****************************

In a third-season Twilight Zone episode called “The Trade-Ins,” a similar dilemma presents itself.  John and Marie Holt are an elderly couple–he is 79; she is 74.  What’s more, Mr. Holt is in declining health, often wracked by intense and ever-increasing bouts of pain.  But a new hope exists in the futuristic world where they find themselves.  The New Life Corporation shines like a beacon on a cold, dark night.

 

The New Life Corporation specializes in “youth, new life, rebirth,” the salesman at the office, a Mr. Vance, explains to the Holts.  They have the technology to switch an elderly person’s body, or a sick person’s body, with a new body, a body that is “perfect in composition, concept, and construction.”  All the while, the person who makes this anatomical switch will retain all of their memories, personality, and emotions.  As Mr. Vance tells the Holts, even after the switch, physiologically and psychologically they will be exactly the same.  The only difference will be that each of them will be placed in a younger body, “in the prime of health.”  They are told the average life span of a New Life body is 112 years.

 

And then he shows them the models.  All are attractive, in perfect physical condition.  But the Holts decide on the bodies of a young couple–a couple that, following the procedure, will be them.  Mr. Vance tells them they will have an entire new life before them–they will return to the beginning, in the full flower of youth.  Old age will be but a memory.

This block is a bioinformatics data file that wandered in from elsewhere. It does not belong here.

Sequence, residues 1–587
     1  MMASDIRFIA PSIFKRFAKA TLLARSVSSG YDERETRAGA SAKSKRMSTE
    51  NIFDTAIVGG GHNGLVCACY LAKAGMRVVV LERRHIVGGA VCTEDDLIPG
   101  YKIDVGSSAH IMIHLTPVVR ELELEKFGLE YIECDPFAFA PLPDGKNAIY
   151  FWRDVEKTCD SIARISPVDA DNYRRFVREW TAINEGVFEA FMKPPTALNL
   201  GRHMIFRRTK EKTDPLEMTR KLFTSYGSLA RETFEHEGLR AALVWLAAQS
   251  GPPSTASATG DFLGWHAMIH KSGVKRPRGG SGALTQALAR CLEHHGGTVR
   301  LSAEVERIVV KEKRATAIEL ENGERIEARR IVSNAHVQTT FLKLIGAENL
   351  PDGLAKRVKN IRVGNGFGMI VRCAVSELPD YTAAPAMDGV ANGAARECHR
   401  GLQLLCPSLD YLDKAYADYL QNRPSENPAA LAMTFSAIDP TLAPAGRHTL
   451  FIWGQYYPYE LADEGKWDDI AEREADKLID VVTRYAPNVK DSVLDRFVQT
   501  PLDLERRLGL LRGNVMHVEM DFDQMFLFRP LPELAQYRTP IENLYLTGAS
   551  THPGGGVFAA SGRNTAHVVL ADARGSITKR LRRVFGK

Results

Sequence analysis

But then the price comes up.  Mr. Vance explains the model couple comes as a package deal of $10,000, surely a bargain, he says, considering all the Holts will gain.  Perhaps.  The Holts, however, only have $5,000.  And Mr. Vance will not accept it as a down payment.  There are rules, he says, government-mandated, that require the full payment, up front.

Mr. Vance then pitches a half-deal.  “One of you could get it,” he says.  The $5,000 the Holts have is enough for John or Marie to switch into a youthful, healthy body.  Marie encourages John to do it–he will be free of his pain, and she assures him, “I can wait”–until they can scrounge up the remaining $5,000 for her switch.

 

John does not commit, though.  “We can’t be separated,” he says.  “We’re no good without each other.”